Submit Progress Billing Address Shipping Address Shipping Method Payment Method Review + Submit Progress But if you compress this for smaller screens, the progress block has nowhere to go. You can't put it before the accordion because it’s way off screen. And you can't put it after because that's below the “Place Order” action.
  186. Billing Address Shipping Address Shipping Method Payment Method Review +

    Submit Progress The least invasive option is to duplicate the progress block inside the review step. This way user has a final chance to check their order info before submitting.
  187. Woven Checkout We can do better than that, but it

    requires modifying Magento’s checkout significantly. I call it “woven checkout”.
  188. Billing Address Shipping Method Payment Method Review + Submit Shipping

    Address Instead of bundling all the progress together, each step collapses to its summary when completed.
  189. Billing Address Shipping Method Payment Method Review + Submit Shipping

    Address Step Summary
  190. Billing Address Shipping Method Payment Method Review + Submit Shipping

    Address Step Summary Step Summary
  191. Billing Address Shipping Method Payment Method Review + Submit Shipping

    Address Step Summary Step Summary Step Summary
  192. Billing Address Shipping Method Payment Method Review + Submit Shipping

    Address Step Summary Step Summary Step Summary Step Summary
  193. 1. Natural Hierarchy 2. Proximity 3. Device Friendly This would

    be ideal for three reasons: Natural hierarchy. The editing interface erodes as the progress interface forms. It's a logical tide exchanging input for feedback. Proximity. There's no interface gap between input, reviewing, and editing. For each step each interaction mode occupies the same physical space. Device friendly. This would work brilliantly across devices. It doesn't require drastic layout transformations, and on small screens you can rapidly swipe up to review before submitting. If you study checkout flows in native apps this pattern is gaining traction. It's another great example of mobile first thinking making the desktop interface smarter.
  194. Again, extensions I'd love to see Magento offer one page

    checkout with something more flexible like this. It really needs to be a supported core feature though because third-parties that integrate with checkout need a standardized architecture and callback pattern to extend.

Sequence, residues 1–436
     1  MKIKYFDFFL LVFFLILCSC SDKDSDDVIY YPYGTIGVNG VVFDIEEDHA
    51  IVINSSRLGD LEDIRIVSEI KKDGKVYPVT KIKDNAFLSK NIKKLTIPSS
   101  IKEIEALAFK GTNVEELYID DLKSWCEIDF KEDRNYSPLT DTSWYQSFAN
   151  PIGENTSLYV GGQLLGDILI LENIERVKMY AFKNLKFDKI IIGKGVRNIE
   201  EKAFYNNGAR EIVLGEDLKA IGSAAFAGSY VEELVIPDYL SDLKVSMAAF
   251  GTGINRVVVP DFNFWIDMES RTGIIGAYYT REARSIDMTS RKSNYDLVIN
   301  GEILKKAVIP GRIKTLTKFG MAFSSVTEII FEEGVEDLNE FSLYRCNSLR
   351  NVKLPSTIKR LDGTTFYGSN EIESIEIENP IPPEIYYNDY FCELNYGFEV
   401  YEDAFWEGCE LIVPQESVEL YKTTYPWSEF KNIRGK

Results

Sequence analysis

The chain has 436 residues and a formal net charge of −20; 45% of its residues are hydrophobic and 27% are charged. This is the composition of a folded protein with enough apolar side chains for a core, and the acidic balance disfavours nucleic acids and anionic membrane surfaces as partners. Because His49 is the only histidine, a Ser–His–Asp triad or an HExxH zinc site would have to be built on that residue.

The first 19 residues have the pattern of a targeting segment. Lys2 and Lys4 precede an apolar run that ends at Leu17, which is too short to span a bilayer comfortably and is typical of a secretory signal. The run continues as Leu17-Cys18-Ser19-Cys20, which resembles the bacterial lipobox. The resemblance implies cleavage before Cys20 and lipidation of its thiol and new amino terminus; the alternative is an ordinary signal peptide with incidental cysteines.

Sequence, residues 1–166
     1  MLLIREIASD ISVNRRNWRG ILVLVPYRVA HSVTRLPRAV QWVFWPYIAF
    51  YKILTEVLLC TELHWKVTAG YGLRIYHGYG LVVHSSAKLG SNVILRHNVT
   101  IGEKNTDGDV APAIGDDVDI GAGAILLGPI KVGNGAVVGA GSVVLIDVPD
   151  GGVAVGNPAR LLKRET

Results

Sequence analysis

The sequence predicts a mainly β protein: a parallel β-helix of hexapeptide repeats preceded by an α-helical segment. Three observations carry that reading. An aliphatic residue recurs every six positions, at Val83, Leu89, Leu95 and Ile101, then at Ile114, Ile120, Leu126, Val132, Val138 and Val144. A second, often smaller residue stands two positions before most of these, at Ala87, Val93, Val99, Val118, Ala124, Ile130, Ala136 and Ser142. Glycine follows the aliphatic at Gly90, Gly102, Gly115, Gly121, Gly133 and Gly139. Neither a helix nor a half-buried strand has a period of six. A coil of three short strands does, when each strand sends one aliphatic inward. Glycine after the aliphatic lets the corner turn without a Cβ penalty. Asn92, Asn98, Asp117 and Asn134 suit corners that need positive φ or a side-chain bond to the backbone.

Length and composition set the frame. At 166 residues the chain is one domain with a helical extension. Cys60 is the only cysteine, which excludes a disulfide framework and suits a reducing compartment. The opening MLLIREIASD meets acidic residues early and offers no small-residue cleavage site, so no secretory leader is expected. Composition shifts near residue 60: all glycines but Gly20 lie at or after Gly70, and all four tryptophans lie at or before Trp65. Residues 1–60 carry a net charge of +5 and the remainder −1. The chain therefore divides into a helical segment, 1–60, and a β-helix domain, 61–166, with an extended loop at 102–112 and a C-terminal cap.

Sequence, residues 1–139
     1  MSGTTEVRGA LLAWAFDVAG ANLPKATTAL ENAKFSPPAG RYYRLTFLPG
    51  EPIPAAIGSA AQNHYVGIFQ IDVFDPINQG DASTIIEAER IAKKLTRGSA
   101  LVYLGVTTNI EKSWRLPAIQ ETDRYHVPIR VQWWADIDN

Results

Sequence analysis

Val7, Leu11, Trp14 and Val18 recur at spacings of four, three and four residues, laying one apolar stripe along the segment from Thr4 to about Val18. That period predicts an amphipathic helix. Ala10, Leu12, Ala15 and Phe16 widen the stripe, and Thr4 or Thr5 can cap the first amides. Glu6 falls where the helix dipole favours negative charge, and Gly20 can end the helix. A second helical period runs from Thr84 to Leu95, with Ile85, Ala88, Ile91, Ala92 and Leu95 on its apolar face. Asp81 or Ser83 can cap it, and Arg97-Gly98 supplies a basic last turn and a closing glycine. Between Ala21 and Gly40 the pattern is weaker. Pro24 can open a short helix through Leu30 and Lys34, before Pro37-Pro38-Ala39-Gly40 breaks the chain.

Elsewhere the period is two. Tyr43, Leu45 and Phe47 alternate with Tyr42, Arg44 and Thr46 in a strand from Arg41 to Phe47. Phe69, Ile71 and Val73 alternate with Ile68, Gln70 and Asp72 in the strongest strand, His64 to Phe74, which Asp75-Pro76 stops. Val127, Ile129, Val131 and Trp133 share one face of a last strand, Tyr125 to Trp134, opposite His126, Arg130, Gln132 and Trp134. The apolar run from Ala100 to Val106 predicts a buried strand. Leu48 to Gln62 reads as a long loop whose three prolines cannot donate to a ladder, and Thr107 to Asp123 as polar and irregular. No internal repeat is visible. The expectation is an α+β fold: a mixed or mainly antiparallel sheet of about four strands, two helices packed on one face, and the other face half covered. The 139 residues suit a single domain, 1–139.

195. Show Me The Money All that tech and design stuff

    is great. I love it. But it means nothing without driving business goals forward.
  196. Quantity 78.0% Average Order Value 20.8% Transactions 57.8% Revenue –

    iPad 224% Revenue – iPhone 473% Revenue – Android 187% YOY Impact of Responsive Design for Skinny Ties I spoke about this in much greater detail yesterday in the marketing track. Year over year, Skinny Ties saw 90.6% revenue growth across all devices including 211.6% from mobile devices. The SEO benefit of responsive design yielded 79.8% more visits from organic search. It’s completely transformed the way they do business.
  197. Transactions On Mobile 382% Responsive + O’Neill Clothing http://electricpulp.com/notes/you-like-apples/ http://electricpulp.com/notes/more-on-apples-mobile-optimization-in-ecommerce/

    Revenue On Mobile 370% Electric Pulp has also shared some data on their responsive work for O'Neill Clothing that paints an equally sunny picture. Transactions on mobile are up 382% and revenue up 370%.
  198. I hope to hear more stories like this from you.

    Sharing this data shows merchants what kind of opportunity building a responsive frontend can have on a business' bottom line. It’s a fantastic investment to move from a weakness to a strength. I hope to see a lot more similar stories throughout the year from people like you.
  199. Thanks It’s a great privilege to be here and I

    want to thank Magento for inviting me back. This is my third time speaking at Imagine, there are a lot of friends in the audience and even more new faces. I don't know half of you half as well as I should like; and I like less than half of you half as well as you deserve.
  200. Questions I regret to inform you this is the end.

    Questions?
  201. GravityDept.com Falkowski

  202. None